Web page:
All those precious memories, the memories of the facts and of their meaning and importance, are still kept there.  They remain in the center of the popular social and national culture of France, in its DNA. Despite two centuries of relentless efforts to erase this memory and to alter the very meaning of French history, the identity of the Frenchpeople still carries on it the world-wide message of the 1789 Revolution: Freedom, Equality,Fraternity.

The message was repeated by the five Revolutions the French made since 1789, often shedding their blood for them (1830, 1848, 1871, 1936, 1968). Its core values were transmitted generation after generation, from the parents to their children and grand-children, shaping the identity of a nation that has historically been constituted as “revolutionary”. Revisionist Historians like Francois Furet proclaimed that Revolutions, and probably Utopias themselves, are harmful, if not criminal movements away from the order. The Nouveaux Philosophes came then and the Neoliberals, who believe Humans and their Societies do not and should not havehistory. Theyfoughtthe values of the Revolution, they chased them in the public sphere of the country, only, as it seems, to make them stronger in the very depths of the people’ souls, where they could find shelter.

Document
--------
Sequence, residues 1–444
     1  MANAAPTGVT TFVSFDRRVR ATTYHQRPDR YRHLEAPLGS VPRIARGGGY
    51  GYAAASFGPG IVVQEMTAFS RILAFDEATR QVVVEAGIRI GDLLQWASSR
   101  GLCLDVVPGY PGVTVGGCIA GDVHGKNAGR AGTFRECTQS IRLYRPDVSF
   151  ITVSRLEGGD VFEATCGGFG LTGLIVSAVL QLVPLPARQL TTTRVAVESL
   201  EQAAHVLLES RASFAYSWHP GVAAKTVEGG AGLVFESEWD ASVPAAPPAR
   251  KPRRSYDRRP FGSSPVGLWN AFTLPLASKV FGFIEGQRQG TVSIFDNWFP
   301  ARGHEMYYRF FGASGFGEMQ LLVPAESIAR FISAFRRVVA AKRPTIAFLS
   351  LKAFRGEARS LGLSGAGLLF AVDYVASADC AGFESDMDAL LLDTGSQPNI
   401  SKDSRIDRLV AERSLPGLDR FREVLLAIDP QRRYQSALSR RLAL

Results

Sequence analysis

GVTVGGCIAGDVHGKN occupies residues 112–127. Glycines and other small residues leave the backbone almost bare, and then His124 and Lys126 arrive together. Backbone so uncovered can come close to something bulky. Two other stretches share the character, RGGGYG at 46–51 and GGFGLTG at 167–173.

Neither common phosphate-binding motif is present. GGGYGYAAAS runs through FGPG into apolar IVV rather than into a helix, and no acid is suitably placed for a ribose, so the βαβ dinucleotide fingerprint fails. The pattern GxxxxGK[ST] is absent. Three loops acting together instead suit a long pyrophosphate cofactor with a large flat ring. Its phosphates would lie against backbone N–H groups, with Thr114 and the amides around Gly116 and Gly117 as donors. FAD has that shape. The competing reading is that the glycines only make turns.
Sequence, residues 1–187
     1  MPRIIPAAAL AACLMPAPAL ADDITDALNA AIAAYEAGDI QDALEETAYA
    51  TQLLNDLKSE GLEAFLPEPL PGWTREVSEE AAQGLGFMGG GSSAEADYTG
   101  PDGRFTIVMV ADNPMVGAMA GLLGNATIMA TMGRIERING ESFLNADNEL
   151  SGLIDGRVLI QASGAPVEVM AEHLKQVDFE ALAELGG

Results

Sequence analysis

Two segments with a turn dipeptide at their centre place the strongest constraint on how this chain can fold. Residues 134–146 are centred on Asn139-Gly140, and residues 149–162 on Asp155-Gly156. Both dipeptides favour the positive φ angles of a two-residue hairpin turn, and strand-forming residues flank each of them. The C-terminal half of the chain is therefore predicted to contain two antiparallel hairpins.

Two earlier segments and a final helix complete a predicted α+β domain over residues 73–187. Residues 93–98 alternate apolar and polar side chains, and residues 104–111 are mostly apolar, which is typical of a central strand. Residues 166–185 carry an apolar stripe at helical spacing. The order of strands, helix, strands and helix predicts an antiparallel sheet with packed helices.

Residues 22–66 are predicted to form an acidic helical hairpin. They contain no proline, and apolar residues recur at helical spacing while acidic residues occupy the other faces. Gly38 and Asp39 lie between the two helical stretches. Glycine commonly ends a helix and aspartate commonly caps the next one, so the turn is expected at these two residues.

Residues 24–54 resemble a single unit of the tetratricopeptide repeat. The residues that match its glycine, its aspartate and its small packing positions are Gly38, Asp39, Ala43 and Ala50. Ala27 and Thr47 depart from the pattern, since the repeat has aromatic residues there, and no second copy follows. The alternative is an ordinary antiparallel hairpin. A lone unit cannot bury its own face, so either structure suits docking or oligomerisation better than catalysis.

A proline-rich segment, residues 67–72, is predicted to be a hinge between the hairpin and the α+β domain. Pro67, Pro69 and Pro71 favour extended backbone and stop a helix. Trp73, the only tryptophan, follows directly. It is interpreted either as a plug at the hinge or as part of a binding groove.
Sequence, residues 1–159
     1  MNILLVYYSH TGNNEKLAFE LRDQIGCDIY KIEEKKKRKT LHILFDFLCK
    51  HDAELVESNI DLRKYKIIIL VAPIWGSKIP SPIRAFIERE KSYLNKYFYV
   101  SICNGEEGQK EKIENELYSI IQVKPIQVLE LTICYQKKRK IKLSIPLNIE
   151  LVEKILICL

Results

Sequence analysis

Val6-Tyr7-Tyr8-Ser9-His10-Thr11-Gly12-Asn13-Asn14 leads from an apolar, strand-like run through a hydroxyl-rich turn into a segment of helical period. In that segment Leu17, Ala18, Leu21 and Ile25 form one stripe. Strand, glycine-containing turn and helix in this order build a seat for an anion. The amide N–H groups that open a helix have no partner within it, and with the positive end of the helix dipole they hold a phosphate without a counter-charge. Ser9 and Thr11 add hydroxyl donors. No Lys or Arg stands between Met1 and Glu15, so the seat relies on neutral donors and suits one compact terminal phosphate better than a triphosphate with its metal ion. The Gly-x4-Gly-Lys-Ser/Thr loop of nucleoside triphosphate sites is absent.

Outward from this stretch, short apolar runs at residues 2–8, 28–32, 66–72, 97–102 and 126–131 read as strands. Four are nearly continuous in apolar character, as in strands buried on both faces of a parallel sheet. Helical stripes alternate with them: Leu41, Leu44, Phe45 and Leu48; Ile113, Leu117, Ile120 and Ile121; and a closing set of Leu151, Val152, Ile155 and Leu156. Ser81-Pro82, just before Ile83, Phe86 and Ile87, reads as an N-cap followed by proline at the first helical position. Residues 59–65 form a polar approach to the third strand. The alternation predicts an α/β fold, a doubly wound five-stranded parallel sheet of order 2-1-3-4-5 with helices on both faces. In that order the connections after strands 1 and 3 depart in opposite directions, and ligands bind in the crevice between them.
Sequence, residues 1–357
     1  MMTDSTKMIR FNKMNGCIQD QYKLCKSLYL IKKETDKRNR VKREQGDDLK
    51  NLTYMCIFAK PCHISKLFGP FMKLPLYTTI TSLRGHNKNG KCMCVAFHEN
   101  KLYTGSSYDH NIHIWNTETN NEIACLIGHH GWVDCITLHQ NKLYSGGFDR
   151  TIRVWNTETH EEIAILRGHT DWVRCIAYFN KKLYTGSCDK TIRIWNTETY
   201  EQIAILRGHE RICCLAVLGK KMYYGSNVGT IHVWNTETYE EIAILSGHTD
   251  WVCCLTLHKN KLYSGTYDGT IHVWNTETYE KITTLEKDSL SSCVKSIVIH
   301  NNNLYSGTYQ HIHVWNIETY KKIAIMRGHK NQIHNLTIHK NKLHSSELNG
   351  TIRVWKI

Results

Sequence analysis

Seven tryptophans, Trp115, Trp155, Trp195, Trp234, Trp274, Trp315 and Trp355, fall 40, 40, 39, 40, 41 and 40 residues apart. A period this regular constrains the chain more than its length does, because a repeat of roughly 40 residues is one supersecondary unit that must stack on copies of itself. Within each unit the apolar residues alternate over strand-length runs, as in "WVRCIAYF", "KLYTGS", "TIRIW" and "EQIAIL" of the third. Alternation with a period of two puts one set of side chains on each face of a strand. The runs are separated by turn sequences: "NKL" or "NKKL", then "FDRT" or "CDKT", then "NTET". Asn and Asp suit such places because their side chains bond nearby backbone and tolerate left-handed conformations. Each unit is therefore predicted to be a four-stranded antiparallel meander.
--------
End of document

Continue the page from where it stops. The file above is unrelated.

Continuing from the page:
People don’t look at or think on their identity documents as they go about their daily lives. They turn to their identities when it becomes absolutely necessary.